Native windows tool for testing WMI connectivity can be used to test connectivity. The tool described below is wbemtest.
- select Windows -> Run
- When prompted for the Command to run, enter wbemtest.
- When the dialog appears, select "Connect".
You can point wbemtest to your computer:
- For the local machine, change the Namespace from root\default to root\cimv2.
- For a different host, prefix with \\host, for example \\Server1\root\cimv2. Enter in User and Password information, as needed to access the remote system.
An example query you can use to test the connection is to list all of the windows services:
select * from Win32_Service
Note on Rights:
If a system is locked down very often adding the user to the local Administrator group will not allow remote WMI access.
To allow remote WMI access please see the following:
The following works on Window 2003 R2 SP 2, Windows Server 2012 R2
- Add the user(s) in question to the Performance Monitor Users group
- Under Services and Applications, bring up the properties dialog of WMI Control (or run
wmimgmt.msc). In the Security tab, highlight
Root/CIMV2, click Security; add Performance Monitor Users and enable the options :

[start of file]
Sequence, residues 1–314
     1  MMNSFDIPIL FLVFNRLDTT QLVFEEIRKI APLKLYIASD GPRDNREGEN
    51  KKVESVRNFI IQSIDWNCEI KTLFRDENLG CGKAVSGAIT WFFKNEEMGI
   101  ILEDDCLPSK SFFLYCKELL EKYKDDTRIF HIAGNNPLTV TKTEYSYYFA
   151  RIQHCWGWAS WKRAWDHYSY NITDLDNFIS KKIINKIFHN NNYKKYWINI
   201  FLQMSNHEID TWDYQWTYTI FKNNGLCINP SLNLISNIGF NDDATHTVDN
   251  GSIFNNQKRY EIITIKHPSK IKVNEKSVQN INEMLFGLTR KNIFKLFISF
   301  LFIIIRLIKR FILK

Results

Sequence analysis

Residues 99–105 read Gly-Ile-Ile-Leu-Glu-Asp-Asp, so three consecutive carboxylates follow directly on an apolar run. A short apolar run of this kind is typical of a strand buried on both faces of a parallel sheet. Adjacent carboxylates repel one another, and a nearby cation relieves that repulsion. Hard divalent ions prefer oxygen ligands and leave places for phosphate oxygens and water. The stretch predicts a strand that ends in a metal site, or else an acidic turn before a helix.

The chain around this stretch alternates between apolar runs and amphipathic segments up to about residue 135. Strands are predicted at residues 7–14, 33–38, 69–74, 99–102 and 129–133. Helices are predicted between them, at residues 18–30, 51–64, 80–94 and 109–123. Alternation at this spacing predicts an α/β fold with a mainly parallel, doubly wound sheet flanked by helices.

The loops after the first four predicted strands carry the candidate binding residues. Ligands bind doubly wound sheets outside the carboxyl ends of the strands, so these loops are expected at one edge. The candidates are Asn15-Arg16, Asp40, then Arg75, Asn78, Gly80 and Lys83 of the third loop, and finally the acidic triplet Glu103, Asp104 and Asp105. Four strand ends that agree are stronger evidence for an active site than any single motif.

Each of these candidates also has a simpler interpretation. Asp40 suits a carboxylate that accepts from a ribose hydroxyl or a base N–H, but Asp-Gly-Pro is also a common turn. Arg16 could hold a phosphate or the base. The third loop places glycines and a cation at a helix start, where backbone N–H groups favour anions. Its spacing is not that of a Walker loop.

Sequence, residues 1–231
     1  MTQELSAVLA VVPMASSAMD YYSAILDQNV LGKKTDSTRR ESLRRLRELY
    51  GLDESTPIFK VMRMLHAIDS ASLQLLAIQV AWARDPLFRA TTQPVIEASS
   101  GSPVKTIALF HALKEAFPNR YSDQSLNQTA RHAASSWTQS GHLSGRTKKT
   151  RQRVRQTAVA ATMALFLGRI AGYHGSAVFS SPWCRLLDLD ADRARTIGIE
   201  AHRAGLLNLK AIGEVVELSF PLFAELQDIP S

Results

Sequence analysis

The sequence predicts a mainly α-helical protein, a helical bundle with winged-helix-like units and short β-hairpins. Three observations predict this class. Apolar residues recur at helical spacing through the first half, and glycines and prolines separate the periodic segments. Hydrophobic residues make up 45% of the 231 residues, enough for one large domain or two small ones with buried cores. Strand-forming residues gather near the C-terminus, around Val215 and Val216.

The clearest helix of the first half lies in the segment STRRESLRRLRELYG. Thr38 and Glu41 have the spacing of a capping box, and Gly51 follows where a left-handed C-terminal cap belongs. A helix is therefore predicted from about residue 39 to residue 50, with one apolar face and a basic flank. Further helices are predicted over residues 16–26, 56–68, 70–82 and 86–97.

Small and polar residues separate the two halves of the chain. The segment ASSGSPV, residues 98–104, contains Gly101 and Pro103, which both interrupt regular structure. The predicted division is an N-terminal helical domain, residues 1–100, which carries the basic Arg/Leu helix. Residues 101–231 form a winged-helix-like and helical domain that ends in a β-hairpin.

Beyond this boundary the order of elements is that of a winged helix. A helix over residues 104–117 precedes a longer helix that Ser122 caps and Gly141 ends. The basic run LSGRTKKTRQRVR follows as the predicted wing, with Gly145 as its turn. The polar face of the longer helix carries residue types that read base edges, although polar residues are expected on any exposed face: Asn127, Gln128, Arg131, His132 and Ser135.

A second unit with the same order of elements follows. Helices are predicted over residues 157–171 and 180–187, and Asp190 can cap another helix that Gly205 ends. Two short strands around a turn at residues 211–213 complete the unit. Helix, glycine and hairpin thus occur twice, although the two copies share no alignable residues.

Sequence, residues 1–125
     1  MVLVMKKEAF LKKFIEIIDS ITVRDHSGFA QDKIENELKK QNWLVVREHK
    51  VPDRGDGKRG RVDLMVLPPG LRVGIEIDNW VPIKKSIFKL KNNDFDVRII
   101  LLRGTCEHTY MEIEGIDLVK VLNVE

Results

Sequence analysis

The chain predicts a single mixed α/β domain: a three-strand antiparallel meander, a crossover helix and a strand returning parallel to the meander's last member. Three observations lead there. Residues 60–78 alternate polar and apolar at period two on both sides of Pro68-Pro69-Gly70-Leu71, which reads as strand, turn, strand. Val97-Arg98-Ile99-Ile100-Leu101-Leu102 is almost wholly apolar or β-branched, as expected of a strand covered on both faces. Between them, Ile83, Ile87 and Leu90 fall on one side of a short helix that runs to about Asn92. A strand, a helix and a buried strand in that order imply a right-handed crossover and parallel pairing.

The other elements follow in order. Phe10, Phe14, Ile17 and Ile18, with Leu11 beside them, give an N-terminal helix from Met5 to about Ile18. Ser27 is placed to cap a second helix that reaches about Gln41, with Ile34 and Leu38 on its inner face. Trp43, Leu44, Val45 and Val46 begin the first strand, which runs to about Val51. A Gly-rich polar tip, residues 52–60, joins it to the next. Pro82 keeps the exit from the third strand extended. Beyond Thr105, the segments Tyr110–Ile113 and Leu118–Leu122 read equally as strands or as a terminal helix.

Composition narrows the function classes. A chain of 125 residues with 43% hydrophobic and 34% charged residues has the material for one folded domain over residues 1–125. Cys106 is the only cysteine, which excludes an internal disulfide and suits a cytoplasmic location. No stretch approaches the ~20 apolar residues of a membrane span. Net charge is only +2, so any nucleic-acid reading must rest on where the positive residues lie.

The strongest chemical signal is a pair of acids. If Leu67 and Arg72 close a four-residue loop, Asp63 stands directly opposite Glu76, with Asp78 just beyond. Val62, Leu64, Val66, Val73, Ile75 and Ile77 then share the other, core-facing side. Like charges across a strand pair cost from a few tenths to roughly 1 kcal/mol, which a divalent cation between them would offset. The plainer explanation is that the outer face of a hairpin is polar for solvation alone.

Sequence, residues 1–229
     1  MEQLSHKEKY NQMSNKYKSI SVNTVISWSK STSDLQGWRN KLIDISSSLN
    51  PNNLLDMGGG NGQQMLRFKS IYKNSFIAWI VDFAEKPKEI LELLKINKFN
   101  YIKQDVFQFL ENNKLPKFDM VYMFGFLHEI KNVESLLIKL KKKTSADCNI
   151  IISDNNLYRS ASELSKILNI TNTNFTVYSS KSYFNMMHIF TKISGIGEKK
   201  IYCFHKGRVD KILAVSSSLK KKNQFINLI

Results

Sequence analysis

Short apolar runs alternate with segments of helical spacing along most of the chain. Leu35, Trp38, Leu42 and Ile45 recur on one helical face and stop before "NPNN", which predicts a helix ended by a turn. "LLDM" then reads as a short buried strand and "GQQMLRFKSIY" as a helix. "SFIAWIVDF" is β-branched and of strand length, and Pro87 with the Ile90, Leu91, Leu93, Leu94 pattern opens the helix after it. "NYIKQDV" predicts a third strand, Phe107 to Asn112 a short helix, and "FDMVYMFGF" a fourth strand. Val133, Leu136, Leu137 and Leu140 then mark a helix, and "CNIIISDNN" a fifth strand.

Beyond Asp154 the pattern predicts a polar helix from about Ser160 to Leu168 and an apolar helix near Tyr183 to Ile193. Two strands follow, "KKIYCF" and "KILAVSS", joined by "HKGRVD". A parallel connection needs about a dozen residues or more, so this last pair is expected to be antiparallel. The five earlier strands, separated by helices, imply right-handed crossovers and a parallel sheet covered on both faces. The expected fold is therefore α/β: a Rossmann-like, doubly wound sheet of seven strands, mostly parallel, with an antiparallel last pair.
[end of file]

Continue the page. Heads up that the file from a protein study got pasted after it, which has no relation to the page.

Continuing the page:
Enable Account and
dcomcnfg. At Component Services > Computers > My Computer, in the COM security tab of the Properties dialog click "Edit Limits" for both
Access Permissions and
Launch and Activation Permissions. Add Performance Monitor Users and allow remote access, remote launch, and remote activation.
- Select Windows Management Instrumentation under Component Services > Computers > My Computer > DCOM Config and give
Remote Launch and
Remote Activation privileges to Performance Monitor Users Group.
- As an alternative to step 3 and 4, one can assign the user to the group Distributed COM Users (Tested on Windows Server 2012 R2)
- If the user needs access to all the namespaces, you can set the settings in 2. at the
Root level, and recurse the permissions to the sub-namespaces via the
Advanced window in